Tuesday, May 13, 2014

What is a Portmanteau?

If you've been around A Splash of Ink for awhile, you'll remember the series Word Wednesday. Every Wednesday Occasionally on Wednesdays I would write a post where the subject matter would do with words. Some posts were definitions, others were word origins, essentially the posts were about the nitty gritties of writing. Anyways, today's post is an honorary Word Wednesday post (it's Tuesday...shhh).

The subject today is Portmanteaus. Let's start at the beginning: the definition.



According to merriam-webster.com a portmanteau is a word or morpheme whose form and meaning are derived from a blending of two or more distinct forms (as smog from smoke and fog)

The origin of the term portmanteau words is two fold (haha get it? No? You will in a second). 

The word is a combination of the French word for carry, "porter", and the French word for mantle, "manteau". The original meaning of the word is used to describe a bag that has two openings (think a doctor's bag or a luggage piece).

Since portmanteau words have two parts, the term is also used to describe words that have two separate words (like two separate parts of the bag) squished together to make a new word.  


Some examples of portmanteau words are:

Blog (web + log)
Cosplay (costume + play)
Chillax (chill + relax)
Shopaholic (shop + alcoholic)
Ginormous (giant + enormous)
Bionic (biology + electronic)
Prissy (prim + sissy)
Emoticon (emotion + icon)
Puggle (pug + beagle)

Many portmanteau words are already socially accepted in the English language (words like blog, ginormous or prissy), but other words are still in the process of becoming "acceptable" words (like emoticon or cosplay). My theory is that in this age of internet and texting, the age of speed, more and more portmanteaus will become bigger than they already are, because they are quick and convenient. That's why it's important for us writers to understand this particular type of word.

For a whimsical touch to your descriptive writing, try channeling your inner Lewis Carroll -famous for portmanteau filled poem Jaberwocky and Alice in Wonderland series- and create your own portmanteaus. You could also consider writing a character whose dialogue is peppered with made up portmanteaus for another touch of whimsy. There's plenty of opportunities to use these (sometimes) silly combination words in your writing.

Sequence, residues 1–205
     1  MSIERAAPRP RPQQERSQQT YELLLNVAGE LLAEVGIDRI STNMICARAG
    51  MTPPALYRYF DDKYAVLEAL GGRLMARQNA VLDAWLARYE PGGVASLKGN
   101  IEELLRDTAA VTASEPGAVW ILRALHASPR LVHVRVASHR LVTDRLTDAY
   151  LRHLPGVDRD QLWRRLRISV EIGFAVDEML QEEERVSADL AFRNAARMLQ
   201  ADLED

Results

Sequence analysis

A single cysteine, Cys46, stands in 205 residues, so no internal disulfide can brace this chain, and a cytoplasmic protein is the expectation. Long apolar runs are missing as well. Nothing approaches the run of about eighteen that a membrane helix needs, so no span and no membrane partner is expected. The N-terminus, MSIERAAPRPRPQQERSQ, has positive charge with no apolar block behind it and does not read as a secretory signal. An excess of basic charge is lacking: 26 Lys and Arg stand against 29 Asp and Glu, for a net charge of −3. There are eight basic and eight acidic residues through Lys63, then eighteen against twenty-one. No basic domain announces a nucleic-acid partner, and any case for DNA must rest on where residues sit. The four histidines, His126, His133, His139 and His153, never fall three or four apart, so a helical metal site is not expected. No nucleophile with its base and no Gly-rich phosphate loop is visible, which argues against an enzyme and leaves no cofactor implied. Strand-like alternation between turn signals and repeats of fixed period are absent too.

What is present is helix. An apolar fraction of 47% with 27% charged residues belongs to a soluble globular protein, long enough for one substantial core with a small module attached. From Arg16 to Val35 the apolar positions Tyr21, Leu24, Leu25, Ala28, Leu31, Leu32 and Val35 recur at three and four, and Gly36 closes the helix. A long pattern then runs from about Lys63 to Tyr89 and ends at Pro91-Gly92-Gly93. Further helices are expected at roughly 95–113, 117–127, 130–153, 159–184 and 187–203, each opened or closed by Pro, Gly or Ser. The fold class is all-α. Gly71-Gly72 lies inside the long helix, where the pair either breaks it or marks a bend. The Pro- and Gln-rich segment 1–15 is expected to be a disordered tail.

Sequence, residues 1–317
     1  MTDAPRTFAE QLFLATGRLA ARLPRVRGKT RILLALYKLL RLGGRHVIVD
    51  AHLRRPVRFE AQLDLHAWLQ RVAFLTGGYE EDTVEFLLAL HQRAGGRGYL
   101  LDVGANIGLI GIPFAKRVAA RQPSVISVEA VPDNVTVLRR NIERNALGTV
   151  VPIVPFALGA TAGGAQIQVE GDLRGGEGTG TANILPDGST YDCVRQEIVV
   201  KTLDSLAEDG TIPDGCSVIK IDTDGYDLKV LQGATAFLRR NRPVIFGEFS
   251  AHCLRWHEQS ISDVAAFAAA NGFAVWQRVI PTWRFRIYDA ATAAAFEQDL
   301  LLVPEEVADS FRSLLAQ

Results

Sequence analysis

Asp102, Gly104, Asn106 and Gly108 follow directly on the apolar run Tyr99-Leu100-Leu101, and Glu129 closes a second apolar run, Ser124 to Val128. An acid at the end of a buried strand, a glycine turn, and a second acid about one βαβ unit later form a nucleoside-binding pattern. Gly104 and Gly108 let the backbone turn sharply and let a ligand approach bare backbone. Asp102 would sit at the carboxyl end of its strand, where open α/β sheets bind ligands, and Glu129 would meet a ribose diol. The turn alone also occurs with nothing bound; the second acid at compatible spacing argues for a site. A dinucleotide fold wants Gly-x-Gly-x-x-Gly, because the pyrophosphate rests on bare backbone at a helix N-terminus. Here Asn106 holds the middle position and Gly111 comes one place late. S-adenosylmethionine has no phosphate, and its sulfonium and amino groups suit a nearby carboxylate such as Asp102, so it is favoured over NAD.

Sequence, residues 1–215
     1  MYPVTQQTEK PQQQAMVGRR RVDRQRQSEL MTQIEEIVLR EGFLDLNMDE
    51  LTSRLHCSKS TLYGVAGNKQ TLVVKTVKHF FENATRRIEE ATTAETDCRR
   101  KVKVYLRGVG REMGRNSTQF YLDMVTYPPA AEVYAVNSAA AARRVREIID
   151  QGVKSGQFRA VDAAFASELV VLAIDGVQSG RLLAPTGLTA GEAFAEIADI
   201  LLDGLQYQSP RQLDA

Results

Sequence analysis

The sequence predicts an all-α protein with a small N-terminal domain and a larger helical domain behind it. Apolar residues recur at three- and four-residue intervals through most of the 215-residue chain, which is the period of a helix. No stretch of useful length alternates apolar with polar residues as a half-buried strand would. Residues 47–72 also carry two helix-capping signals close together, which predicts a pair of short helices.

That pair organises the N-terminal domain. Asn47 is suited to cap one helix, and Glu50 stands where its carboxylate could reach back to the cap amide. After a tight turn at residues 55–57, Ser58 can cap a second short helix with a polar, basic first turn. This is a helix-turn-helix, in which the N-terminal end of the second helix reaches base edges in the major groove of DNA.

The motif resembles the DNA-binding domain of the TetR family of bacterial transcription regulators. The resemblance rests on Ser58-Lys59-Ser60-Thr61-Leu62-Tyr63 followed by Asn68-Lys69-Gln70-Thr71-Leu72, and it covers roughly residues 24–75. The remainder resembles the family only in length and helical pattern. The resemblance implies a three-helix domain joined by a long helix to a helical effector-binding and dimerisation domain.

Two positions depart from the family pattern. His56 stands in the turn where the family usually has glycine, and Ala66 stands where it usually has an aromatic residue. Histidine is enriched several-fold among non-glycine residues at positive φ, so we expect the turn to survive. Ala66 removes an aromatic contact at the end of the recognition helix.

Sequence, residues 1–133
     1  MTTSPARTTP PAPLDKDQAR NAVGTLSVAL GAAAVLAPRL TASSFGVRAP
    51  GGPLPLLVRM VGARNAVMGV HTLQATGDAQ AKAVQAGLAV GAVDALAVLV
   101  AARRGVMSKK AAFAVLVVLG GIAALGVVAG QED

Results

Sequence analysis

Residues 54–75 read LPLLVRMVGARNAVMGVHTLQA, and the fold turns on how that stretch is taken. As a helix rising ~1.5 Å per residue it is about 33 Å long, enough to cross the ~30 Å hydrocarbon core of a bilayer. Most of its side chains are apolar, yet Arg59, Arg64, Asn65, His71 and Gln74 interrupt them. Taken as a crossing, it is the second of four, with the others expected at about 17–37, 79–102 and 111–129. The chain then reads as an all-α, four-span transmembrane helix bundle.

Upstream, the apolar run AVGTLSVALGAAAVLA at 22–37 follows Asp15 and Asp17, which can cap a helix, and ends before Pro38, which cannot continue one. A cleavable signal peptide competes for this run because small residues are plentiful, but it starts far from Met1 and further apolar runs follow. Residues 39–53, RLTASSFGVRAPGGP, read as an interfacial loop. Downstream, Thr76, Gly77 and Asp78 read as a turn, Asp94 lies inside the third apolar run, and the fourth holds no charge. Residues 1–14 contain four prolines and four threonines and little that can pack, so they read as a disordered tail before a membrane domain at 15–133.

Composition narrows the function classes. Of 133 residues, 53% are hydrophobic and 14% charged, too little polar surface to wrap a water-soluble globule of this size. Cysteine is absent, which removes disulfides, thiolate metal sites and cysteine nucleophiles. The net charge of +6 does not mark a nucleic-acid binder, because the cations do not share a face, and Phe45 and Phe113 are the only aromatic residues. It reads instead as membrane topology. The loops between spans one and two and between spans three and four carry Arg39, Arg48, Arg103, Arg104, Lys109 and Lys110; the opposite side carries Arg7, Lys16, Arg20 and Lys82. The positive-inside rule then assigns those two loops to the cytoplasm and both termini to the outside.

Feel free to leave some of your made up portmanteaus in the comments! Or, if you're not feeling creative, can you think of any other (already invented) portmanteaus? And as always, feel free to leave general thoughts and random observations.

Reading: Rules of Civility by Amor Towles
Listening: Switchfoot
Watching: Elementary

4 comments:

  1. I've always wanted to know the exact origin of the word 'portmanteau'. We have portmanteaus in singing too, which is where I first heard of the word. I have to say I never thought about them in the context of writing before. Now I can sound smart and tell everyone about this word!

    ReplyDelete
    Replies
    1. Interesting...I never realized that it was a musical term too.
      I definitely used this word a little too much the past few days, so I could show off and sound smart. Whether I succeeded or not, I don't know, lol.

      Thanks for stopping by:)

      Delete
  2. Feeling pretty silly I didn't realise what the word "blog" stood for :S

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    Replies
    1. Don't worry, you're not the only one ;)

      Delete

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